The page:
How many individuals in UAE who have loans or fully utilized their credit cards yet has a hard time paying their debts? Each year, the debts are getting higher, and now with all the jobs, it becomes more difficult to get a lot people to settle their debts they accumulated a time period back. When such problems in repayment of debts are regarded as an offence, the position is even worse when you do not seek the guidance of a lawyer.
The UAE law states that it is a crime when one writes a cheque and he or she is unable to honor his financial obligations.
The different acts contained inside the range of dishonor are as follows:
- Drawing of a check in lacking honesty without assets that could be brought or with finances less than the sum of the check
- After issuing a check, taking all or part of the assets and leaving the equalization lacking to settle the sum of the check. This can be refined in lacking honesty.
So it’s seen that in every one of the previously described acts that were criminalized, two crucial elements are knowledge and bad faith. These parts are often presumed to not be absent in the event of cheque bouncing, and the responsibility of showing lack of those elements is to the person accused of the offence. He could be penalized by a period of incarceration, a fine or with both, in the event the person is unable to disprove the presence of the components.
The banks are almost always attentive to prevent such obligation. For checks that have have bounced and for those who have issued cheques to settle outstanding balances on charge cards as well as other accounts, banks may take legal actions.
When check is lost or stolen, you must hire a lawyer for the UAE law has no exemptions for expats.
People who neglected to maintain their payments or whose cheques have bounced therefore are subjected to the provisions of the penal code and are regarded as offenders.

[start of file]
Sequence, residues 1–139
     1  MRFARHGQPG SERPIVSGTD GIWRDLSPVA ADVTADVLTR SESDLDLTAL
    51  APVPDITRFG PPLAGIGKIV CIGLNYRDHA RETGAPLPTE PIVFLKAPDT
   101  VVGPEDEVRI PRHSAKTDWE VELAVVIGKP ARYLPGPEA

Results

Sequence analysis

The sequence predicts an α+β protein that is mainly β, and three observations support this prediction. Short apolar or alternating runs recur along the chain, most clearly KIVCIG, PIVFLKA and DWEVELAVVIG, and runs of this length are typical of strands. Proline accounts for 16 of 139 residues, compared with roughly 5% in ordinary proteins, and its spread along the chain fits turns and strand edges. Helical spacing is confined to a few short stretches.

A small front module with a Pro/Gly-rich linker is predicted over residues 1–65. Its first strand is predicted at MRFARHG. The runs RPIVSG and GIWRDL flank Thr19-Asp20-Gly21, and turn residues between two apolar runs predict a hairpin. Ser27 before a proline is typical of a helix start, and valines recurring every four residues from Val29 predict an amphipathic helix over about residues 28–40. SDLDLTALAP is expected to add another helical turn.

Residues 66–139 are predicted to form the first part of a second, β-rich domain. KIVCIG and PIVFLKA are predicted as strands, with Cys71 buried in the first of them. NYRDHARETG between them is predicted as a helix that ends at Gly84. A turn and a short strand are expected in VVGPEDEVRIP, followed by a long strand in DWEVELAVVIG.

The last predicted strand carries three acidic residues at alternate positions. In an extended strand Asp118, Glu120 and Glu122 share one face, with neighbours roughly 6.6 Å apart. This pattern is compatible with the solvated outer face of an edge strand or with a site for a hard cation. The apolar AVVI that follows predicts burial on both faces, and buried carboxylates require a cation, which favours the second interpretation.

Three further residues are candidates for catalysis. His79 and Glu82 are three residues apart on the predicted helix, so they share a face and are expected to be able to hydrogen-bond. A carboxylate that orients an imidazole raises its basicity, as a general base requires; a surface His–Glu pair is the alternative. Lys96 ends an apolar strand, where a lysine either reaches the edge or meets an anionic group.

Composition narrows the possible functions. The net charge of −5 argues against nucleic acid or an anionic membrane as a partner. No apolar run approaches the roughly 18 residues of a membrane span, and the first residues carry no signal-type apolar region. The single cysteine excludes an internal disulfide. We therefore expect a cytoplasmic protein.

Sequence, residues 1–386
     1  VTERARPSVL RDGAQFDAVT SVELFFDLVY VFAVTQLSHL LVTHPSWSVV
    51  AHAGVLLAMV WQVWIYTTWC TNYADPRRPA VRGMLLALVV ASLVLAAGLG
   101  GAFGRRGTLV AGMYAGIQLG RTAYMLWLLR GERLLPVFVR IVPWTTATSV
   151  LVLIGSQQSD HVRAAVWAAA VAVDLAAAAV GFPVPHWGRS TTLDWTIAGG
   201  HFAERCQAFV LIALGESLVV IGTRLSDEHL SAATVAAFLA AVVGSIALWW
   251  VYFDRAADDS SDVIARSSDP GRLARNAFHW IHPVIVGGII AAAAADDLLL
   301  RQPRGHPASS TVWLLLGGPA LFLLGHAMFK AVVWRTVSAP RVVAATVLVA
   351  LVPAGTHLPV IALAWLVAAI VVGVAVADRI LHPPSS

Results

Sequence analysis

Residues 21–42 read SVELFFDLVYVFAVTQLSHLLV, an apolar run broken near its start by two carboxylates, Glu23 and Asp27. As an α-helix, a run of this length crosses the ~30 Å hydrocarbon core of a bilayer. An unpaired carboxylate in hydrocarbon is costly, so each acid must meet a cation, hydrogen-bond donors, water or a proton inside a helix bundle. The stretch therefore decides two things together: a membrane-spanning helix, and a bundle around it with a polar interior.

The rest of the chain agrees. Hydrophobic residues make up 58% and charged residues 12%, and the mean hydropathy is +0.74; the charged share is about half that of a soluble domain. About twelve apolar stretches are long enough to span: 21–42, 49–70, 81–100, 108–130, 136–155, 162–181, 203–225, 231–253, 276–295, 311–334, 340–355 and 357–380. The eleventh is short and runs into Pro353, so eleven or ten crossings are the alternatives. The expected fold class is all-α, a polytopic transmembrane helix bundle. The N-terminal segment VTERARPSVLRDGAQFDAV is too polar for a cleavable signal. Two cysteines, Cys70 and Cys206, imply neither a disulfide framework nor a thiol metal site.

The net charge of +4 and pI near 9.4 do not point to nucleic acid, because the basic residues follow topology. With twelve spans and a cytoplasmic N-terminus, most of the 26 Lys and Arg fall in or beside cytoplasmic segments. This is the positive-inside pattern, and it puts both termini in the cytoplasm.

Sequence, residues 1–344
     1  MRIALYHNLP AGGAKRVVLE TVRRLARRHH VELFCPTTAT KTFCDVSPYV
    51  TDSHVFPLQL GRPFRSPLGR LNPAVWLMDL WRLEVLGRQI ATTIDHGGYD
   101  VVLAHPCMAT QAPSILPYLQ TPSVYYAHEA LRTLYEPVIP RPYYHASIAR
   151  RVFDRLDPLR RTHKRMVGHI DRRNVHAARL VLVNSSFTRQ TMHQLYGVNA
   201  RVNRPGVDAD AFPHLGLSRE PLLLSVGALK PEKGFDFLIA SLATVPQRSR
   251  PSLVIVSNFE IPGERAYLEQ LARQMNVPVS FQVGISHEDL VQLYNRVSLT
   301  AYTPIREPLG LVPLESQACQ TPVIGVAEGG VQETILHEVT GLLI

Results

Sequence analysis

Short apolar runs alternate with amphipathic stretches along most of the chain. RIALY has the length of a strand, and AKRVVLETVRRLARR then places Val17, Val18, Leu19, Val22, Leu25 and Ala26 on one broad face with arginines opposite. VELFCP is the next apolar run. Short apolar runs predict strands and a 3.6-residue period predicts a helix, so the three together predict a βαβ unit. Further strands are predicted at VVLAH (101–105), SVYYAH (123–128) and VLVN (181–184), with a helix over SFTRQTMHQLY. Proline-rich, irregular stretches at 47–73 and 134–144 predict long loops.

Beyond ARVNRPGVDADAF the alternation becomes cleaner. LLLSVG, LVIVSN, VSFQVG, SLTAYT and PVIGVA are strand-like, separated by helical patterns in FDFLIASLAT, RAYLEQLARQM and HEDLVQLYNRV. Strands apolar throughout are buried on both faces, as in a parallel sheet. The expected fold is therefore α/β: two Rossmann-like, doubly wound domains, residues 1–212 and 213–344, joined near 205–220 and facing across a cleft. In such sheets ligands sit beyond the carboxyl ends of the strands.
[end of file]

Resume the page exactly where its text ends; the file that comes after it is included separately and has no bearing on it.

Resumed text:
If you are not ready for these matters and you know that you are on the edge, you may hire a lawyer who has a specializes in this type of case.
However, a man might be given the chance to settle the sum before filing a case against them by the banks. The grievance will likely be filed as a case in law enforcement to give the man the chance to pay back the debt, and he will subsequently be detained in the event the resolution is unable to be reached. But in the event the resolution isn’t reached, the case will likely be referred together with the powerful chance of jail time.
This Committee is created to settle cases linked and bounced checks in the Property issues. It has complete power over such cases, and rulings delivered by the committee are unable to be appealed. The Committee even offers the following powers:
- Send the case through your lawyer to the judicial powers that are concerned to ascertain whether to commence legal proceedings; and
- Consult on the home sector problems with debt specialists.
- When it is demonstrated that the signatory isn’t qualified for the sum of the check, to erase the skipped check issued to the property engineer;
- Compel the check guarantor to issue one that is new to supplant the one that has ricocheted.
The Courts and individuals Prosecution will also be under commitment to stop, submit them, and examine any protests or instances of ricocheted checks in regards to Property issues.
Both the Courts and the committee have become efficient in coping with such cases. There’s a limitation of a six-month period for filing cases regarding the bounced checks after which no legal action may be taken from the drawer of the check. Therefore, it’s recommended to seek help from an attorney in order to avoid delay in the process to avail the treatment and take measures.
News: The Price of Bounced Check
This is the ideal time to find a lawyer.
Dubai: The dream of making it rich in the UAE has become a nightmare from authorities and meant jail for numerous expats, locked up as booming companies went bust for bouncing cheques.
For only one Briton, the bad dream of a long correctional facility term alongside prison is posing a potential threat, all to get various bounced checks issued when his building subcontracting organization went tummy up.